❤ Sharing Folkworthy Stuffs ❤
1 Comment Vintage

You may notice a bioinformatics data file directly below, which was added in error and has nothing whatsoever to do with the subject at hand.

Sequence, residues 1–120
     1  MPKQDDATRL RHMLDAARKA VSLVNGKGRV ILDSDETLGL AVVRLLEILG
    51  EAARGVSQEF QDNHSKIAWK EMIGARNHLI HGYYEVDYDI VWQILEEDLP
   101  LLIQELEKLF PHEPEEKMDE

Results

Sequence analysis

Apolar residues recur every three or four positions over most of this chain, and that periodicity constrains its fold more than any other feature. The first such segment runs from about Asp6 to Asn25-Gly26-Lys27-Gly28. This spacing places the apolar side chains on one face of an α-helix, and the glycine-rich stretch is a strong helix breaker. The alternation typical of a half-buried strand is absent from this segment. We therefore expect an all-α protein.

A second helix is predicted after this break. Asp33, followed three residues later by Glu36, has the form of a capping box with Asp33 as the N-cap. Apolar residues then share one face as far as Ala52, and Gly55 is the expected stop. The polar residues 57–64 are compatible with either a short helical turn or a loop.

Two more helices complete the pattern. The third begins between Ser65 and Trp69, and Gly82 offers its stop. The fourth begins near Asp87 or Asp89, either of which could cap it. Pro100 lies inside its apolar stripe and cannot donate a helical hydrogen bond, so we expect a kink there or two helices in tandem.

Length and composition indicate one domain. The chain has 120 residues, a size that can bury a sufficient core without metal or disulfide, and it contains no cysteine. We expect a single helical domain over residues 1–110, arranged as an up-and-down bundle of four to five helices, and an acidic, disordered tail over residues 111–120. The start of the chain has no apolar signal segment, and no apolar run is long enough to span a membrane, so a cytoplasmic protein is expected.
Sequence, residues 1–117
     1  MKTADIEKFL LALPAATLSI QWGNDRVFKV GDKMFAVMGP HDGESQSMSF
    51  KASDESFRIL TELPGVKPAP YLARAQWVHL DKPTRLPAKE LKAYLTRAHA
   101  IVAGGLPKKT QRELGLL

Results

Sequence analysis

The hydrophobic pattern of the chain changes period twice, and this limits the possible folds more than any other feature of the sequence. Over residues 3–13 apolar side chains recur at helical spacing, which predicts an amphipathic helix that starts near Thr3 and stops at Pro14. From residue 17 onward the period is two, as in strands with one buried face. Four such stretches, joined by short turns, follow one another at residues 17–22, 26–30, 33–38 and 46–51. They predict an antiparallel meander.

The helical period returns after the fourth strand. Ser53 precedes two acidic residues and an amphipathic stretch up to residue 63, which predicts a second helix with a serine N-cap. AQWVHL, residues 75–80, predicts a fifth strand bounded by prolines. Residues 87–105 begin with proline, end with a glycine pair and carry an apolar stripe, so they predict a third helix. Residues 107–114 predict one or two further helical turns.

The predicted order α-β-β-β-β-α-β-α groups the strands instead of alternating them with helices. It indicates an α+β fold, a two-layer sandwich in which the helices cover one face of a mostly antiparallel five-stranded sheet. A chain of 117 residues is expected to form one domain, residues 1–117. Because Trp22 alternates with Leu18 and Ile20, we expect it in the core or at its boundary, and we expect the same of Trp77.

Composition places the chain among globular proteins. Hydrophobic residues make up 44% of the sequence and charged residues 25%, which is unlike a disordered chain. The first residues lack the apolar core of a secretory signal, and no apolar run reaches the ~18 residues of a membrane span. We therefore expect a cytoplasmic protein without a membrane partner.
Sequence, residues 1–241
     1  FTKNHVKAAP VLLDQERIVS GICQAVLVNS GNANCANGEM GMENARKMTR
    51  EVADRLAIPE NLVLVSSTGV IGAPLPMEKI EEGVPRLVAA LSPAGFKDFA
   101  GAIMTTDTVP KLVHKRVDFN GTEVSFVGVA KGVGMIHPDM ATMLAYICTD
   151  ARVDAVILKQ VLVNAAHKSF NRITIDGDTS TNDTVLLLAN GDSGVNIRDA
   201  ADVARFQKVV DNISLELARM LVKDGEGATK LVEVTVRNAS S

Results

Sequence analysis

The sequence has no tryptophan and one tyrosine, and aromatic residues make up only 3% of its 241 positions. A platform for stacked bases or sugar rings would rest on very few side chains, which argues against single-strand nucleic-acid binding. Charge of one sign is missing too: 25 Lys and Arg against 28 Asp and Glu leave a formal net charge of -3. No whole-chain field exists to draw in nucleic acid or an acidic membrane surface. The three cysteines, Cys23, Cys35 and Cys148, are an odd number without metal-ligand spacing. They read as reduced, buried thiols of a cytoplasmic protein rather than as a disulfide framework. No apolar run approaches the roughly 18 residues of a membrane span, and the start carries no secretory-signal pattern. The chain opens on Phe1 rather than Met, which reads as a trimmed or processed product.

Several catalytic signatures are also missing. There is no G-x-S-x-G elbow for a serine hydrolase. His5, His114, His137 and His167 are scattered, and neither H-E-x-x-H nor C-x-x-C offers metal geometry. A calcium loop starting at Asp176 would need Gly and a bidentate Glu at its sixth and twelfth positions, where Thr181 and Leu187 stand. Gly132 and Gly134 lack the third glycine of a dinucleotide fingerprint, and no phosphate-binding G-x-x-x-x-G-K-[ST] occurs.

A little bit of background – between the 19th and 20th centuries, Tunisia was home to a sizeable Italian community, that numbered more than 100,000 in the early 1900s. Due to it being the African country nearest to Italy (even nearest than Libya), Tunisia already had important trade relations with the Italian states in the late Middle Ages and the Renaissance, when the Republic of Genoa established a colony in the Tunisian island of Tabarka; many Italian exiles sought refuge in Tunisia during the early period of the Italian independence and unification wars in the 19th century, and during the second half of that century tens of thousands of Italians of every social standing, especially from nearby Sicily, settled in Tunisia. At the same time, investment and economic penetration by Italian concerns increased significantly; the newly unified Kingdom of Italy did indeed have colonial aims towards Tunisia, and the establishment of the French protectorate in 1881 created a serious rift in Italian-French relations. Even under French colonial rule, though, the Italian colony remained the largest European community in Tunisia for many decades, to the point that writer Laura Davi quipped that Tunisia was “an Italian colony managed by French officials”; as late as the 1920s, the Italian community still outnumbered the French one, although the margin gradually shrinked. The French colonial authorities saw the Italians as a potential danger, as Italy had not completely abandoned its aims towards Tunisia, and thus promoted discriminatory policies towards Italian Tunisians (for instance, after 1902, foreign lawyers – mostly Italian nationals – could not practice unless they had a French degree; from 1913, Italian entrepreneurs were excluded from participating in public contracts; restrictions were placed on the access to private practices; a 1919 decree made the acquisition of real estate property practically prohibitive to the Tunisian Italians), pushing for their complete assimilation into the French community. These policies eventually backfired, as they ended up pushing more and more Italian Tunisians towards nationalism at first, and then towards Fascism, as Mussolini seized the opportunity to present himself as a protector of Italian interest in Tunisia. The Fascist regime promoted the building of schools, banks, hospitals and cinemas for the Italian community, created Italian assistance organizations, bankrolled Italian newspapers in Tunisia so that they became more aligned with the regime, etc. “The Times” in 1939 wrote that “*…Well supplied with fascist funds, Italy’s consuls and their agents have long been busy systematically undermining French influence of authority. Italian banks are generous to Italian colonists, Italians have their own schools loyal to the fascist state of Italy, and many Tunisian newspapers are subsidized by Italy. Professional agitators are actively encouraging trouble, magnifying grievances, imaginary or real. Radio programs tell Muslims that Mussolini alone is their protector. Membership in the Fascist Party is all but compulsory for every Italian male in Tunisia, and refusing to join means virtual banishment. Granted free speech and free assembly by French law, fascist leaders in Tunisia have become loud and aggressive in demanding special privileges for Italians, at the same time denouncing the French government, which tolerates their activities. Italy is making buildings that are easily convertible to military use, and building up the civil population to support a mass takeover…*” When Italy entered World War II in June 1940, some Italian Tunisians repatriated to enlist in the Army; others did so in November 1942, when the Axis occupied Tunisia, and fought in the subsequent Tunisian campaign in the *Reggimento Volontari Tunisini* (Tunisian Volunteers’ Regiment). After the Allied victory in May 1943 returned Tunisia to French rule, Italian schools and newspapers were closed down and a more aggressive policy of forced assimilation began.